To Save the Children of Korea is the first book about the origins and history of international adoption. Although it has become a commonplace practice in the United States, we know very little about how or why it began, or how or why it developed into the practice that we see today.
Arissa Oh argues that international adoption began in the aftermath of the Korean War. First established as an emergency measure through which to evacuate mixed-race "GI babies," it became a mechanism through which the Korean government exported its unwanted children: the poor, the disabled, or those lacking Korean fathers. Focusing on the legal, social, and political systems at work, this book shows how the growth of Korean adoption from the 1950s to the 1980s occurred within the context of the neocolonial U.S.-Korea relationship, and was facilitated by crucial congruencies in American and Korean racial thought, government policies, and nationalisms. It also argues that the international adoption industry played an important but unappreciated part in the so-called Korean "economic miracle."
Korean adoption served as a kind of template as international adoption began, in the late 1960s, to expand to new sending and receiving countries. Ultimately, Oh demonstrates that although Korea was not the first place that Americans adopted from internationally, it was the place where organized, systematic international adoption was born.
About the author
Arissa H. Oh is Assistant Professor in the Department of History at Boston College.
"An absolutely fascinating study of South Korea's role in the history of international adoption. After the 1950-53 Korean War, thousands of mixed-race 'GI babies' were shipped over to the US. Rejected by their native country for being 'racially impure', they were welcomed by American families looking to adopt, and by a US government that sought to reinforce its liberal status in the new Cold War environment."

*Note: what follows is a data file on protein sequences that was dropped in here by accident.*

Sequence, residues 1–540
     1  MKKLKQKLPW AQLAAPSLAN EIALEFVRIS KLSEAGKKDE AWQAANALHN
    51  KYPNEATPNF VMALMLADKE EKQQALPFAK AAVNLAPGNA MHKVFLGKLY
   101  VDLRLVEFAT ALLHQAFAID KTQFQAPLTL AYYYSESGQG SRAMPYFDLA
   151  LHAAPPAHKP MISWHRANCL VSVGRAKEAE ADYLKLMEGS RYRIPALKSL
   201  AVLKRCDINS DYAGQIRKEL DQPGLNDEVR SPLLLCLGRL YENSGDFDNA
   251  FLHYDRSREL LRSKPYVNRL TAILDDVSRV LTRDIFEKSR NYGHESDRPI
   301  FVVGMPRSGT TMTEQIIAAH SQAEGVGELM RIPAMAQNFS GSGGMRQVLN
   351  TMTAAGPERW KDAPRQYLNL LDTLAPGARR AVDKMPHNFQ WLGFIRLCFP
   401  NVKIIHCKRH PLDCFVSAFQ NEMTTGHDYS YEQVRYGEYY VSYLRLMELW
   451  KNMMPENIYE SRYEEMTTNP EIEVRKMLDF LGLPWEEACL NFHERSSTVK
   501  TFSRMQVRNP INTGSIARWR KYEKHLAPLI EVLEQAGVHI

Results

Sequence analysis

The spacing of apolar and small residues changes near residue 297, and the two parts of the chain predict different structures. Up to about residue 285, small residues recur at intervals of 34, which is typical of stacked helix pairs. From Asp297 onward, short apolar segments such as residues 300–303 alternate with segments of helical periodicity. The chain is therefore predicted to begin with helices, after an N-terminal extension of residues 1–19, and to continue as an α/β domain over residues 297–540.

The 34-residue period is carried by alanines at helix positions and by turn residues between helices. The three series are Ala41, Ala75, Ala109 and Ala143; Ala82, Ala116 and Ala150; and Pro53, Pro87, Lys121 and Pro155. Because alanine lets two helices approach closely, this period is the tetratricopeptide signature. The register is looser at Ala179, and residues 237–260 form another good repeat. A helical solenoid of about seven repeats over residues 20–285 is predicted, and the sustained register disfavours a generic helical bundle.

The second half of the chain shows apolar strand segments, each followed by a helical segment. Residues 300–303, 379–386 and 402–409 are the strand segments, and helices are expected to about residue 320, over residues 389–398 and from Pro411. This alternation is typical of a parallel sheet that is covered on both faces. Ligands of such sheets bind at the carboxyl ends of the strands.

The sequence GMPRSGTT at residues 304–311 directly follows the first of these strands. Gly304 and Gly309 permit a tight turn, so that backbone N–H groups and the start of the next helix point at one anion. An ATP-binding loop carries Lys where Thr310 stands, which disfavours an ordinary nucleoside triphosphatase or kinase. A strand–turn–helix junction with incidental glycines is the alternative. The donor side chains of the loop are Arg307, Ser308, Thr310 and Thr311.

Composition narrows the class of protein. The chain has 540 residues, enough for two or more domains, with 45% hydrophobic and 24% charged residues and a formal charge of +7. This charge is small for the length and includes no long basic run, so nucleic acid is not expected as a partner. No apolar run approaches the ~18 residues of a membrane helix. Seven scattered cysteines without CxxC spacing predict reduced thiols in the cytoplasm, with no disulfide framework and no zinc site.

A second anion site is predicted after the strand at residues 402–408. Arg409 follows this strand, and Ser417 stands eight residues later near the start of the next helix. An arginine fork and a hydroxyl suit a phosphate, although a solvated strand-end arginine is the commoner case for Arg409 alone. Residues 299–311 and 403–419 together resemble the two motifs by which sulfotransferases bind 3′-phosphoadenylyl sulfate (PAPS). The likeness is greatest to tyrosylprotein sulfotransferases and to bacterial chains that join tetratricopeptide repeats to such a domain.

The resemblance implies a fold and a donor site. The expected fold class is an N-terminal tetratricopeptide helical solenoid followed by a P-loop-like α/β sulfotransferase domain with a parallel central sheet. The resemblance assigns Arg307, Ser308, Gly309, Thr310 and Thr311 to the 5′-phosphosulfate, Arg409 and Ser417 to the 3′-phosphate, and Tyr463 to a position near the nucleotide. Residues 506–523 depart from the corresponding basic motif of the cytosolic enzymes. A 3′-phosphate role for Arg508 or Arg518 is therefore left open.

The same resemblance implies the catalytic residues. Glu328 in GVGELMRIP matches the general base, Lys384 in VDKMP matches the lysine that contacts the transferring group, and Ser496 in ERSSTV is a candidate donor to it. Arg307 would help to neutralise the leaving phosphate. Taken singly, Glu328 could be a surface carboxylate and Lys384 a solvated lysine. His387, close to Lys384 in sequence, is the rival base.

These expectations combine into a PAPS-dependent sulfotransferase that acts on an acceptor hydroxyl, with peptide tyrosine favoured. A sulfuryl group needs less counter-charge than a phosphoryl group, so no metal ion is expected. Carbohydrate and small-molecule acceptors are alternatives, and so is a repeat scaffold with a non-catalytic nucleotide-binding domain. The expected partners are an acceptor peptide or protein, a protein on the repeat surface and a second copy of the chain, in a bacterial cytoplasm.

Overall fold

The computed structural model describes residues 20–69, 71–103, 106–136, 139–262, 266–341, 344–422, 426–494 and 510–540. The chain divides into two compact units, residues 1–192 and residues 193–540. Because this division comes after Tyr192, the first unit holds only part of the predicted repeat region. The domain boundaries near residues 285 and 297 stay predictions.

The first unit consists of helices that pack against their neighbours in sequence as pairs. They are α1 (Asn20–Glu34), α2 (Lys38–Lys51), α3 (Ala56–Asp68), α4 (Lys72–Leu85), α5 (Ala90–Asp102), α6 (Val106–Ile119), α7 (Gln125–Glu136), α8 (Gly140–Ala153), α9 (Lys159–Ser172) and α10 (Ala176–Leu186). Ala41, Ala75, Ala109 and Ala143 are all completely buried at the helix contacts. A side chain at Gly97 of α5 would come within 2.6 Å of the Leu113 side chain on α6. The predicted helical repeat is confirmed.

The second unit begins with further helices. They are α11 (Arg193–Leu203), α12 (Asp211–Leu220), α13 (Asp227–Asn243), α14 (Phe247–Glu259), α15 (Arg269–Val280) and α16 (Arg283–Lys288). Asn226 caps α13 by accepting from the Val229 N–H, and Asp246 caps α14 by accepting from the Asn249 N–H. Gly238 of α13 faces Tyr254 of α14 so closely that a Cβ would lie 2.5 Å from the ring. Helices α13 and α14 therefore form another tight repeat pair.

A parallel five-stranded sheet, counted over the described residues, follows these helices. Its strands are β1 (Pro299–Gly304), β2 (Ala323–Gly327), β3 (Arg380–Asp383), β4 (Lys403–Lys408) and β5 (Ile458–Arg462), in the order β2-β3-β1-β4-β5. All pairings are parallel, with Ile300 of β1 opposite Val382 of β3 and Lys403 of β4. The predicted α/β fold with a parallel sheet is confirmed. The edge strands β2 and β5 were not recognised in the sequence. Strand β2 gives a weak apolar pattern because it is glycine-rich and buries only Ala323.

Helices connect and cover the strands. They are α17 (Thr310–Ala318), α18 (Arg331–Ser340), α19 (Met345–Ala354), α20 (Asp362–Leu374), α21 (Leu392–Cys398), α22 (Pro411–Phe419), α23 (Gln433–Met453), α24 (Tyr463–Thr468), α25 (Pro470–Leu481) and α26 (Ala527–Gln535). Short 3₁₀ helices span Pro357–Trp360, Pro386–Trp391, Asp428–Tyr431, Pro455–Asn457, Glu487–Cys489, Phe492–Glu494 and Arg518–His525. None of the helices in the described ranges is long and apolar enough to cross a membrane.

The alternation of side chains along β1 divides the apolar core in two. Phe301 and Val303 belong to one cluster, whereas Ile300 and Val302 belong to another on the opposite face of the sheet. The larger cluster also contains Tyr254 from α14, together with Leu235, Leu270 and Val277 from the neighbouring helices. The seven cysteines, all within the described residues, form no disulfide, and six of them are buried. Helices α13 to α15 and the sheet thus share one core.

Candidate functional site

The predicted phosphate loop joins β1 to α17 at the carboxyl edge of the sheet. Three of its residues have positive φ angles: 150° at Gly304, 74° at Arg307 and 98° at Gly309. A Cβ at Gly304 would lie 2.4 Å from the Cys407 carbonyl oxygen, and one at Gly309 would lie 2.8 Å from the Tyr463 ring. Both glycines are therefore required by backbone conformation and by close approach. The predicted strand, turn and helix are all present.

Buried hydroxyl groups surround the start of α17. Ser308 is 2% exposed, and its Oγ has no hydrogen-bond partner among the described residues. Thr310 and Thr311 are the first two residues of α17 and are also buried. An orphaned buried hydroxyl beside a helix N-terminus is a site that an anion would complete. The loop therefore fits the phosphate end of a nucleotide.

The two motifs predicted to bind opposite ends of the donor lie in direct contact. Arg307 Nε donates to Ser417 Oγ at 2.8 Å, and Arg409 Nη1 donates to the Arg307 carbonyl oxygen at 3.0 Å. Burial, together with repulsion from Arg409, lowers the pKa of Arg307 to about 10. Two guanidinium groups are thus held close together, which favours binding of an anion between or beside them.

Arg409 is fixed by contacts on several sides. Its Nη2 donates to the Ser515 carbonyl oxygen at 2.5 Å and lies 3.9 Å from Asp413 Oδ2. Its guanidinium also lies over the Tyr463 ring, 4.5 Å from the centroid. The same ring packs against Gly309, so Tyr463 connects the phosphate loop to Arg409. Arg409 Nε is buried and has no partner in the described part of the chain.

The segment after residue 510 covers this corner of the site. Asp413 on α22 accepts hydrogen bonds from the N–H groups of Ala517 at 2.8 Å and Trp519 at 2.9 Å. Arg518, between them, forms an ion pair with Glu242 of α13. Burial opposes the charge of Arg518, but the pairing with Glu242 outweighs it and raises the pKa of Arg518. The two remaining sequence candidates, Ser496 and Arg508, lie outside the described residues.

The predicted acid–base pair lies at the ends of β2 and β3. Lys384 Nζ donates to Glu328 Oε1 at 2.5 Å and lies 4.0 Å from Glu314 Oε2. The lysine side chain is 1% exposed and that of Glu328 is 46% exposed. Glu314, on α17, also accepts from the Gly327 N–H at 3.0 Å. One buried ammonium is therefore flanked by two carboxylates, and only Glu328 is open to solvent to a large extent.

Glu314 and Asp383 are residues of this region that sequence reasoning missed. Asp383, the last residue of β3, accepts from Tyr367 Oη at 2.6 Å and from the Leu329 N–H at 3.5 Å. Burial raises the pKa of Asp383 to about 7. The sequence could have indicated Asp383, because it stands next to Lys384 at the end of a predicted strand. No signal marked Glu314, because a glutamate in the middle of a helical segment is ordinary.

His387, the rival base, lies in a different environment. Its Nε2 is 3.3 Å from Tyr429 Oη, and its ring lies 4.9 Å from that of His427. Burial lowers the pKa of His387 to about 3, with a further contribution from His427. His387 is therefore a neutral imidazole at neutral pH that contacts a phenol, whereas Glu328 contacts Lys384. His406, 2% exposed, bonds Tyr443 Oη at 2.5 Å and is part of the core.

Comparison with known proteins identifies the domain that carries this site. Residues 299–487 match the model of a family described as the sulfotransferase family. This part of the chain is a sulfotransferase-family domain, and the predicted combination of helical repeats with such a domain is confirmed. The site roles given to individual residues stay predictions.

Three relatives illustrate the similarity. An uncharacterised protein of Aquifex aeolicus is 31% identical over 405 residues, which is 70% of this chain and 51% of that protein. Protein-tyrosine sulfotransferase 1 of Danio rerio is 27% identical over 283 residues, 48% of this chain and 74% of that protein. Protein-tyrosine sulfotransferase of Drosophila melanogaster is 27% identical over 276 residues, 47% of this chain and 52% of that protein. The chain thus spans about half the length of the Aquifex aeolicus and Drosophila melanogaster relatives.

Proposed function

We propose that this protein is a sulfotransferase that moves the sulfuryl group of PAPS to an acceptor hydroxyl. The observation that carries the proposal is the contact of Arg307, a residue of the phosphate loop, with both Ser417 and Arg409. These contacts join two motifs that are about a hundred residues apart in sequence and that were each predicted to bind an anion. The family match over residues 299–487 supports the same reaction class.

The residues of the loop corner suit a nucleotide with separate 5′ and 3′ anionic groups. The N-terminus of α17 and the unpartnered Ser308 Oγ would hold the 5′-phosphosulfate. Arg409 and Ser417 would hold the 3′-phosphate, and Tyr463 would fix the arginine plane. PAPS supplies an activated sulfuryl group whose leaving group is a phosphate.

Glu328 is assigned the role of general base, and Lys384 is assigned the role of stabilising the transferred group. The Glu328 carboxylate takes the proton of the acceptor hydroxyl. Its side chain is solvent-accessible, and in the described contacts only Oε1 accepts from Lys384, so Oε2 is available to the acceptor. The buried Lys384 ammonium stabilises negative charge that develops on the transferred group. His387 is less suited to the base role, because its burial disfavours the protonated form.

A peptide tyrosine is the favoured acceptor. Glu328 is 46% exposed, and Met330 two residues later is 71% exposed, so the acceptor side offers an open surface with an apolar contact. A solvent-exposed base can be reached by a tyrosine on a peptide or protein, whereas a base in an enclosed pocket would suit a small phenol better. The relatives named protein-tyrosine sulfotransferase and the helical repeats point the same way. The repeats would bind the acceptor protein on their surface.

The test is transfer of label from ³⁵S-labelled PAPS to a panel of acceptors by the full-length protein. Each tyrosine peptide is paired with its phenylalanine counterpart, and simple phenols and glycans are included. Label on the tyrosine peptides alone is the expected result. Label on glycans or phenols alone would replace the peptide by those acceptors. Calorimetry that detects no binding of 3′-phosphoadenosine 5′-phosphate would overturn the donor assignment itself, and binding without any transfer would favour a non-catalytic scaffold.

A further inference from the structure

—Giulia Miller, Times Higher Education
"Arissa Oh's fascinating and gracefully written transnational study provides the contextualization and theorization of international adoption that has been missing from the literature. Through the lens of Korean adoption, Oh shows us how domestic politics and desires are intertwined with geopolitical relationships and aims, expanding our understanding of Cold War liberalism and even Cold War era postcolonial modernization."
—Naoko Shibusawa, Brown University
"This work seeks to tell the important and largely unknown story of American adoption of Korean children since the Korean War, and does so with remarkably extensive research and great verve. The work succeeds extremely well at both levels: telling the local, bilateral story and the origins of the global story."
—Charles K. Armstrong, Columbia University
"Arissa Oh's unusually sensitive study examines the little-known story of Korean adoption....What makes this work particularly valuable, even for scholarly audiences beyond its subfield, is how deftly the author uses its narrow topic to explore Korean adoption's wider social, cultural, legal, and political climate in South Korea and the United States....Providing careful global comparative context for this particular story, as well as engaging a diverse historiography on postwar domesticity, Cold War civil rights, and the social life of empire, Oh excels at weaving together the state and private familial sphere....[W]ith its poignant, wide-ranging analysis and research, Oh's Korea-focused account sheds invaluable light on nagging issues of Global North-South inequality, underdeveloped social institutions, and politicized family life in ways that should inform future studies in its field."
—Kevin Y. Kim, Canadian Journal of History
"To Save the Children of Korea would be of interest to historians of modern Korean history and American Cold War history. The book also makes important contributions to interdisciplinary fields such as adoption studies, critical mixed-race studies, and Asian American and ethnic studies....[T]his book illuminates how the spheres of "public" and "private," "domestic" and "political" are deeply imbricated and complicate American ideologies about family, nation, and race that rely on these binaries."
—Kira A. Donnell, Adoption & Culture